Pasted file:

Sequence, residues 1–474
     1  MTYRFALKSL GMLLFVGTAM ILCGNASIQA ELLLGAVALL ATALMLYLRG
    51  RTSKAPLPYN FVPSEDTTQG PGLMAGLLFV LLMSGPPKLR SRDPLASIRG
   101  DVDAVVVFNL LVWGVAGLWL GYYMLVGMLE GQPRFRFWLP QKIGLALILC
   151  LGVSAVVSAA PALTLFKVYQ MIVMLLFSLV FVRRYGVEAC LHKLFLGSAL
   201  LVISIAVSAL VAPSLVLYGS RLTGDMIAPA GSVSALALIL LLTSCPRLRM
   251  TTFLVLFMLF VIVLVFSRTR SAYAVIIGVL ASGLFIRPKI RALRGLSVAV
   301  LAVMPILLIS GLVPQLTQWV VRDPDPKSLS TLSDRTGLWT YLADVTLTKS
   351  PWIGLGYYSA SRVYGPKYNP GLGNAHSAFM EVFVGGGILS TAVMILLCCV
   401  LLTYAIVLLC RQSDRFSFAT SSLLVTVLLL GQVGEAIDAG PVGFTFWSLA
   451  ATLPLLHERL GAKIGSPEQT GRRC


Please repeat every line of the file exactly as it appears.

Sequence, residues 1–474
     1  MTYRFALKSL GMLLFVGTAM ILCGNASIQA ELLLGAVALL ATALMLYLRG
    51  RTSKAPLPYN FVPSEDTTQG PGLMAGLLFV LLMSGPPKLR SRDPLASIRG
   101  DVDAVVVFNL LVWGVAGLWL GYYMLVGMLE GQPRFRFWLP QKIGLALILC
   151  LGVSAVVSAA PALTLFKVYQ MIVMLLFSLV FVRRYGVEAC LHKLFLGSAL
   201  LVISIAVSAL VAPSLVLYGS RLTGDMIAPA GSVSALALIL LLTSCPRLRM
   251  TTFLVLFMLF VIVLVFSRTR SAYAVIIGVL ASGLFIRPKI RALRGLSVAV
   301  LAVMPILLIS GLVPQLTQWV VRDPDPKSLS TLSDRTGLWT YLADVTLTKS
   351  PWIGLGYYSA SRVYGPKYNP GLGNAHSAFM EVFVGGGILS TAVMILLCCV
   401  LLTYAIVLLC RQSDRFSFAT SSLLVTVLLL GQVGEAIDAG PVGFTFWSLA
   451  ATLPLLHERL GAKIGSPEQT GRRC